Los Angeles has been good to Steven Berkoff. The edgy British actor-playwright-director, best known for his virulent portraits of working-class anomie, has staged many of his plays here--including "Acapulco," "East" and the long-running "Kvetch," all at the Odyssey Theatre Ensemble.
But he's almost unknown as a thespian.
In fact, although Berkoff is a popular staple of the British stage, he's been on the boards only once in L.A., in "Decadence" in 1984. And he's never before performed a solo show in the United States.
Until tonight, that is. Berkoff's "One Man" is part of "3X3: Great Solo Performances," a UK/LA 1994 festival event that included last weekend's presentation of Lynn Redgrave's "Shakespeare for My Father," as well as this week's performances of Miriam Margolyes' "Dickens' Women," all at UCLA's Freud Playhouse.
The frequently outspoken Berkoff has been known to rail against the Establishment and other targets, but he goes surprisingly easy on L.A. "I've always liked working in L.A.," he says, speaking by phone from his London home. "It's an environment that I find stimulating and responsive. Since they don't have so much theater, there is often a keener appreciation and more open-mindedness about new ideas and new drama."
Berkoff's performance is being co-produced by UK/LA, the UCLA Center for the Performing Arts and L.A. Theatre Works' Susan Albert Loewenberg, who first brought Berkoff to L.A. in 1982 with "Greek," which the writer directed at the Matrix Theatre. Loewenberg also produced Berkoff's "Agamemnon," which the writer directed for the Olympic Arts Festival, and "Decadence," which Berkoff performed in as well as directed, both in 1984.
"I've been looking for opportunities to bring him back, but I felt that the theater scene here was so hopeless," says Loewenberg, who first saw Berkoff's "One Man" in London last Christmas. "He is one of the great physical actors of his generation, and it's nowhere more in evidence than in this show."
Berkoff, the 57-year-old child of Russian Jews, grew up in East London. His numerous works for the theater include an adaptation of Franz Kafka's "The Metamorphosis" that featured Roman Polanski in Paris in 1988 and Mikhail Baryshnikov on Broadway in 1989. Berkoff himself often performs in his own stage plays, and he has also acted in a range of films, from "A Clockwork Orange" to "Rambo: First Blood, Part II" to TV movies.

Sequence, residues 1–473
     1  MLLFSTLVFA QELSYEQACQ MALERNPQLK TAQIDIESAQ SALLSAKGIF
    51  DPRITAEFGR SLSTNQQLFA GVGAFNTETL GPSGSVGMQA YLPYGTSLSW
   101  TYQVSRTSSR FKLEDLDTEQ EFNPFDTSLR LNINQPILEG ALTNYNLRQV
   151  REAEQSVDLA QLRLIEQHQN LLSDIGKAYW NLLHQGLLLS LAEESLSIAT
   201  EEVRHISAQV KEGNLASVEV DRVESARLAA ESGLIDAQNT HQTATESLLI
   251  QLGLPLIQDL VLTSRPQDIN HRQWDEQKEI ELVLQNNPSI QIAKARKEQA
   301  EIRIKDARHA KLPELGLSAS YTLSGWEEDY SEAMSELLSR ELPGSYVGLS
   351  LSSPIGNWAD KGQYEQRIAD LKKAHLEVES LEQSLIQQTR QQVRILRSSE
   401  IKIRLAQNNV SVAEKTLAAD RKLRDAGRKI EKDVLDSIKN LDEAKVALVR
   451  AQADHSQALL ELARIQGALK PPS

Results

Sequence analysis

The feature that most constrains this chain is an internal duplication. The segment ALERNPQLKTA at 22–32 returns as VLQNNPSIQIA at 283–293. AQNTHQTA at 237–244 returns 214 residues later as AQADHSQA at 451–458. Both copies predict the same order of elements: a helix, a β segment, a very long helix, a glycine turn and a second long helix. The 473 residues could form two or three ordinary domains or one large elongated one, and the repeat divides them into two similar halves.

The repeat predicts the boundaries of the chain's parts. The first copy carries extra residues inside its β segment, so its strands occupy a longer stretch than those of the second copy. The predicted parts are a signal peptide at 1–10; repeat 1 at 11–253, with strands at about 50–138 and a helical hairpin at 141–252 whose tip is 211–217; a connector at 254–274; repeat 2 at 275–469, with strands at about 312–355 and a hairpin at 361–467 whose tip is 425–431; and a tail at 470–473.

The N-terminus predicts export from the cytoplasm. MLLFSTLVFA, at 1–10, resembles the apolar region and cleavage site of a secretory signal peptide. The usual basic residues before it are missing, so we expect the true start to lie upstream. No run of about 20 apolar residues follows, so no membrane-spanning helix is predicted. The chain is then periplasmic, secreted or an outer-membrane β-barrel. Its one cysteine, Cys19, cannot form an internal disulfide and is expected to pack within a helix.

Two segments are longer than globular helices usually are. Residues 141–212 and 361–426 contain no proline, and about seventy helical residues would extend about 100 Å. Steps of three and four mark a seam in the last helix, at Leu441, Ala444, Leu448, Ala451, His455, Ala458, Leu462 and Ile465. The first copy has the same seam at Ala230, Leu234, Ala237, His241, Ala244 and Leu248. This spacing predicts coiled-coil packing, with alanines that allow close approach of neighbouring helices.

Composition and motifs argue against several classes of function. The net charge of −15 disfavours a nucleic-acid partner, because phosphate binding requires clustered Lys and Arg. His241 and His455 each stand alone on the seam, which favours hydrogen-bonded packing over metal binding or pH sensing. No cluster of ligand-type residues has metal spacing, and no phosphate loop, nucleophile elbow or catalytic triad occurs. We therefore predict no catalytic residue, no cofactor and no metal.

"One Man," which Berkoff performed in London's West End and at various other places around England late last year and through the beginning of this year, consists of three short works: Edgar Allan Poe's "The Telltale Heart" and Berkoff's own "The Actor" and "Dog."
Berkoff sees Poe's tale of a man who buries a body underneath the floorboards as a "study of obsession." It's also a vehicle that allows the versatile actor to demonstrate "an A to Zed of acting techniques, a compendium of styles."
"The Actor," inspired in part by a Marcel Marceau mime piece, portrays an actor making his way along the treadmill of unemployment. Berkoff walks continuously as he tells this story of the endless process of auditioning. "Actors are vulnerable and giving, and they're ruthlessly exploited," he says.
More so than the other two works in "One Man," "Dog" features an archetypical Berkoff character--an aimless thug--and his pit bull. The versatile Berkoff plays both the boozing "yob" and his pooch, Roy.
Before coming to L.A. for "One Man," Berkoff was performing a double bill of two of his one-act plays in London: "Sturm und Drang," a parody on greed done in rhyming verse, and "Brighton Beach Scumbags," a story about four working-class people who take a trip to Brighton. The title of the latter is a jab at Neil Simon's "Brighton Beach Memoirs."
Yet though he's been busy, Berkoff is always eager to play here. "In L.A., without the background of traditional drama, there is a more rapid appreciation of the radical movements. People are not strangled by tradition. They just see what is there and absorb it."
Yet Berkoff is not without criticism of his West Coast base. "What I regret is that in such a large city as Los Angeles there are not more professional theaters," he says.
But the greater problem may be the market economy that allows few theaters to survive. "It's terrible that there shouldn't be at least six huge theaters that are subsidized," says Berkoff, alluding to the British system that supports stage companies such as the Royal National Theatre. "All subsidy pays off. You get a more equitable society, and you preserve the great artistic traditions.
"When you go for the market, you're always playing to the idiots, the lowest common denominator and you get schlock," Berkoff continues. "You subsidize until people have the chance to get used to you."
* \o7 "3X3: Great Solo Performances," Steven Berkoff's "One Man" (today and Friday, 8 p.m.; Sunday, 7 p.m.); Miriam Margolyes' "Dickens' Women" (Saturday, 8 p.m.; Sunday, 3 p.m.); Freud Playhouse, UCLA. $25. (310) 825-2101.\f7